In a nonbinding referendum last week, Australians voted in favor of allowing gay couples to legally marry. The final tally: 61 percent in favor, 39 percent against. And while supporters of same-sex marriage are no doubt still celebrating this resounding victory, the months-long campaign revealed just how vast the cultural divide is on this issue.
The results of the vote show that Australian support for gay marriage is most prominent in wealthier big cities like Sydney or Melbourne, while suburban areas and those with large numbers of working-class immigrants were among the most opposed to it. These two conflicting demographics, already split along lines of class and faith, have only become more divided thanks to the drawn-out public debate over gay marriage.
**Ugly Tactics On Display
None of this was helped by the fact that opponents of same-sex marriage, perhaps foreseeing a losing outcome, became increasingly desperate as the campaign wore on resulting in some ugly tactics and hateful messages. As our readers might recall, one particularly distasteful campaign poster went viral earlier this year. Others got less media attention, but were equally nasty:
The Opposition Speaks
As passionate as supporters have been, those in opposition appear equally determined to fight back against same-sex marriage. Take Nick and Sarah Jensen, a married couple from Canberra: they've pledged to get divorced if marriage equality becomes law. By almost any measure, this seems like a drastic step. However, the Jensens appear ready to stand by their word.
"My wife and I, as a matter of conscience, refuse to recognize the government's regulation of marriage if its definition includes the solemnization of same sex couples," Mr. Jensen said. He acknowledged that "some have painted our act as simply a petty tantrum, a toddler's reaction who doesn't want to share and will simply take his toys home if he can't win," but denied being a sore loser.
Politicians are making their voices heard, too. Cory Bernardi, who heads Australia's conservative party, spoke at a national conference for Christians after the vote, saying:
"We can no longer be silent, we can no longer sit back and rely on prayer to change the course of earthly events. Prayer is important never underestimate that. If you want to pray for things, pray for strength for those who are leading in this battle."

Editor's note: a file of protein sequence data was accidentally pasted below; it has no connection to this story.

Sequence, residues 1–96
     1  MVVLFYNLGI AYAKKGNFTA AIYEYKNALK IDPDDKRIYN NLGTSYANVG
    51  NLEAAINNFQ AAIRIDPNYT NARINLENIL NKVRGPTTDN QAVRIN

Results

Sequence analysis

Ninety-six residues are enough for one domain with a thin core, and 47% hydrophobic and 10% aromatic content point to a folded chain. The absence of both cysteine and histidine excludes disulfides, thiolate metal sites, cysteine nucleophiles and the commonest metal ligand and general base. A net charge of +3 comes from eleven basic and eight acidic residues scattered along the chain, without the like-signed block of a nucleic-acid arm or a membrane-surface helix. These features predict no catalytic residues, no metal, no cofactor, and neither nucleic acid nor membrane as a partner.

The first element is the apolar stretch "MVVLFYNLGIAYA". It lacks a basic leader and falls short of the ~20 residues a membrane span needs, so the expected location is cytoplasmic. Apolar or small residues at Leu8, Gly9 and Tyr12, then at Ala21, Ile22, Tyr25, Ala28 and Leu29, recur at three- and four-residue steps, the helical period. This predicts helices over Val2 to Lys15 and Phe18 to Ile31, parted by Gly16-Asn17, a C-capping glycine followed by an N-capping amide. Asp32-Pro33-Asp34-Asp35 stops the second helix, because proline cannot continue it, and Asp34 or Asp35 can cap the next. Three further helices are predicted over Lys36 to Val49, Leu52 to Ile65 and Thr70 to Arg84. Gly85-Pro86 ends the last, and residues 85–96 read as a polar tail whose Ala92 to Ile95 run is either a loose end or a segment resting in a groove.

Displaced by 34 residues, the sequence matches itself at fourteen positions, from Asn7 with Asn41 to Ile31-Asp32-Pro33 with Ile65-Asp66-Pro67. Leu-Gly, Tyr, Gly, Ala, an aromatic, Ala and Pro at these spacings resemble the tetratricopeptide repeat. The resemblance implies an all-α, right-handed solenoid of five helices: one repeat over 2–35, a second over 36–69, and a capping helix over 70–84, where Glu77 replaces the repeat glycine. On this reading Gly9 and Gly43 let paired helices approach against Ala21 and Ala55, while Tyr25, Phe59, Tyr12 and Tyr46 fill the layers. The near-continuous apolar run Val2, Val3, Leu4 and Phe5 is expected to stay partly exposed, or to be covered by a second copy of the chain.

Refusing to Give in
Just as various organizations in the United States are still fighting to overturn marriage equality, so have numerous Australian groups refused to give up the struggle. For example, Australia's Coalition for Marriage hasn't let the recent vote stop them from speaking out. Here's Lyle Shelton, who heads the organization:
"It's only a few Western countries that have decided they're better than the millennia of human history and anthropology, so they redefined marriage. I think we're showing a lot of chronological snobbery in a handful of countries in the west."
"In countries where marriage has been redefined, we have seen that this does not stop at same-sex marriage," said Coalition for Marriage spokesperson Monica Doumit. "Despite promises of LGBTQ lobbyists, this is not about 'living and letting live.'" The real concern, according to Doumit, is that the government will next target Christians' right to free speech a reference to the ongoing legal battle in the U.S. involving business owners who refuse to serve same-sex customers.
Perhaps inspired by such stories, Christian lawmakers in Australia have introduced a proposal that would allow bakeries to put up signs saying that they do not serve gay couples as a matter of conscience. Additionally, parents would have the ability to withdraw their children from schools that teach them about LGBTQ issues.
What Does the Future Hold?
Despite all the ugliness, the people of Australia have spoken. While the advisory vote did not actually create a new law, the large victory all but ensures that legislation will follow. But what about other countries? Is same-sex marriage destined to be legalized around the globe, no matter how organized or passionate its opponents are?
We'd like to think so, but let us not forget that being gay is still punishable by death in some countries. Safe to say that humanity still has a long ways to go.
Update -- Ugliness aside, there is plenty of cause for optimism. Take this story, for example: following the successful vote in favor of marriage equality, an Australian politician gave an emotional speech to parliament in which he publicly proposed to his partner.